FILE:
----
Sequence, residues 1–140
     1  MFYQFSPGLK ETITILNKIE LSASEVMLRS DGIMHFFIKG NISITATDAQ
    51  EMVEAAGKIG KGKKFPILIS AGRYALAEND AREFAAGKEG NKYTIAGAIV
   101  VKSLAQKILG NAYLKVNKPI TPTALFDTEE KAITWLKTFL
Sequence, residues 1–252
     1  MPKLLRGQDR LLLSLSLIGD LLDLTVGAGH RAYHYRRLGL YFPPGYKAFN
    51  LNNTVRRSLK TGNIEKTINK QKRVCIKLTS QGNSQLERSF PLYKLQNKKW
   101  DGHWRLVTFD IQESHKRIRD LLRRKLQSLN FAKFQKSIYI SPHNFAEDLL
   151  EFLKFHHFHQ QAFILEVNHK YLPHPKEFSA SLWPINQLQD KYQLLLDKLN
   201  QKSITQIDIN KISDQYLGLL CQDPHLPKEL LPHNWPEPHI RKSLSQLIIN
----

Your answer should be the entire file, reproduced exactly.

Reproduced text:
Sequence, residues 1–140
     1  MFYQFSPGLK ETITILNKIE LSASEVMLRS DGIMHFFIKG NISITATDAQ
    51  EMVEAAGKIG KGKKFPILIS AGRYALAEND AREFAAGKEG NKYTIAGAIV
   101  VKSLAQKILG NAYLKVNKPI TPTALFDTEE KAITWLKTFL
Sequence, residues 1–252
     1  MPKLLRGQDR LLLSLSLIGD LLDLTVGAGH RAYHYRRLGL YFPPGYKAFN
    51  LNNTVRRSLK TGNIEKTINK QKRVCIKLTS QGNSQLERSF PLYKLQNKKW
   101  DGHWRLVTFD IQESHKRIRD LLRRKLQSLN FAKFQKSIYI SPHNFAEDLL
   151  EFLKFHHFHQ QAFILEVNHK YLPHPKEFSA SLWPINQLQD KYQLLLDKLN
   201  QKSITQIDIN KISDQYLGLL CQDPHLPKEL LPHNWPEPHI RKSLSQLIIN